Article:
Tis’ the season to be jolly, but earlier this month when the Mall of America in Bloomington, Minnesota welcomed its first-ever black Santa Claus, the public reaction was a bit wonky.
By all accounts the kids and parents who came to the mall loved African-American Santa. One woman said that she had waited 25 years to see a Santa of colour. The mall — which first opened its doors 24 years ago — attracted people who drove in from neighbouring counties and cities so that their children could meet this diverse Santa aka Father Christmas aka St Nick.
However, the online reaction to MOA’s initiative was strikingly different. Keyboard warriors were outraged, insisting that Santa aka Father Christmas aka St Nicholas was Germanic and therefore ‘inherently white’.
In fact the real Saint Nicholas, as depicted in early Christian iconography, was a gaunt man with a dusky complexion. And he was born to Greek parents in the town of Myra in Greater Anatolia (present-day Turkey).
The chubby white man in a red and white costume of whom the commentators were thinking was invented by the Coca Cola Company. Thanks to a holiday ad campaign during the 1930s, this rosy-cheeked Santa who appeared in magazines, billboards, calendars, and store displays, embedded himself in the hearts and minds of America.
What if Santa were a Pakistani, I wondered? What would he look like? What would he wear as he traversed the globe all night, delivering presents to children who had made the ‘Nice’ list? But most important of all, what would he eat?
Coca Cola’s version of Santa paused only to enjoy a bottle of Coke. How happy would a Pakistani be if that was their only sustenance all through a cold December night? I tried to imagine what snacks a desi Santa would enjoy.
What would a desi Santa’s Christmas menu look like?
Santa would hope to find at the various houses that he dropped in, and the answers were fairly obvious.
Well, duh. That goes without even saying. Chai is a must.
Whether it’s a quick daadhi piyali or a leisurely full mug, hot tea is mandatory when the cold temperatures take over. Moreover, the shot of warmth and caffeine it affords are needed to stay up working all night.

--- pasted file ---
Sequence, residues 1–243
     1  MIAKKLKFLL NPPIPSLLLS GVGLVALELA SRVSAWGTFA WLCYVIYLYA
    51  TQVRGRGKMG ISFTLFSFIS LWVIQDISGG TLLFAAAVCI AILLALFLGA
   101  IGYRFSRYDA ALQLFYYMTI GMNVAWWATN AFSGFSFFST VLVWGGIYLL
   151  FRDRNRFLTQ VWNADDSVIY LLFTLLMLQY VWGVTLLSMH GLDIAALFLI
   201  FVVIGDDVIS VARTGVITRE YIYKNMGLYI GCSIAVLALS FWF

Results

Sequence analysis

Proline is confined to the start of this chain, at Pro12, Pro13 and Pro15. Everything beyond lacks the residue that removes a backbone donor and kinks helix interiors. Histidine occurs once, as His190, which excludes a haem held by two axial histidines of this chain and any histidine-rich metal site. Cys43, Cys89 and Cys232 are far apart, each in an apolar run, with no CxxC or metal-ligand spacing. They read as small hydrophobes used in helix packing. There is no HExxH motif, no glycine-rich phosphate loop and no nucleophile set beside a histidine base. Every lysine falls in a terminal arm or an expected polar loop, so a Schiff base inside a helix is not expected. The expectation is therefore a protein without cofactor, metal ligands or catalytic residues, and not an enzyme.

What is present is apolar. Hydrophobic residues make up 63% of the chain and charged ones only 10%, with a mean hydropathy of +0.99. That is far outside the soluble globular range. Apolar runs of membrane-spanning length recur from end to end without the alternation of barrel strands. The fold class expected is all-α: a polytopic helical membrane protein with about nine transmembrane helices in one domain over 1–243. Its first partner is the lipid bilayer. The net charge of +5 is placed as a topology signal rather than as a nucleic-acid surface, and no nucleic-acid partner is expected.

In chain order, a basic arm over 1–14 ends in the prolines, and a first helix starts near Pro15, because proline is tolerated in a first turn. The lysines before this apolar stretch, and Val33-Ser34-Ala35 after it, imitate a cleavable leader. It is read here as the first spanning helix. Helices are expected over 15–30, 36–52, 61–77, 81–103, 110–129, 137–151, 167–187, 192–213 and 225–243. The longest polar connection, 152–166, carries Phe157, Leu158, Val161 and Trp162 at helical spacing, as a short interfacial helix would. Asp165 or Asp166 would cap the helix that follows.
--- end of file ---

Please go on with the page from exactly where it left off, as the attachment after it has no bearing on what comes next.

Nothing satisfies like a good, strong dose of well-brewed, well-presented chai. It sounds so simple yet is hard to achieve. Only the best will do for Santa though.
Looking to switch things around a bit, Santa? Try doodh patti chai at one house, green tea at another, and Kashmiri chai at yet another.
This frothy hot beverage, so lovingly made by simmering milk seasoned lightly with salt on a low flame, deserves to be richly garnished with crushed almonds and pistachios. Santa may or may not want to add some sugar to his cup of creamy pink chai (the authentic version has no sweetening), but he will definitely want to take off his boots and give his team of reindeer a breather while he enjoys this treat.
Gaajar ka halwa
What’s a desi winter without gaajar ka halwa? No amount of cookies of any variety can compete with the concoction of shredded raw carrots lovingly cooked in milk, fortified with ghee and khoya, scented with cardamom, and embellished with a generous amount of slivered almonds.
It’s exactly what Santa deserves — nay, what he needs — for running a tight ship at the North Pole and then crisscrossing the globe all alone on an open sleigh.
Good man Santa — a bowl or two of halwa for him and a to-go pack for the diligent elves.
Roasted peanuts, pine nuts (chilghozay), and basically everything the rhehree wallah has in his rich display of nuts and dry fruits. Just what Santa craves when he’s feeling a bit peckish, or looking for something to munch on to break the monotony of flying through the starry night sky. A little bit of everything from gajak to chhoaray to salted cashew nuts to keep the big guy alert and happy.
Yes, that’s right, paaye. A man cannot be expected to work all night on halwa, chai, and nuts alone. Something more substantial is called for.
So in the early hours of the morning, before heading back home to Mrs Claus, Santa will sit down to a heart-warming (and artery-choking) serving of trotters that have been slow-cooked in a spicy broth. Keep the nan or kulchas coming for he has worked up a hearty appetite.
Christmas comes only once a year after all, so what better reason to dig in and be merry.
Wishing everyone in Pakistan and around the world Merry Christmas and Happy New Year! Ho, Ho, Ho ...
Originally published in Dawn, Sunday Magazine, December 25th, 2016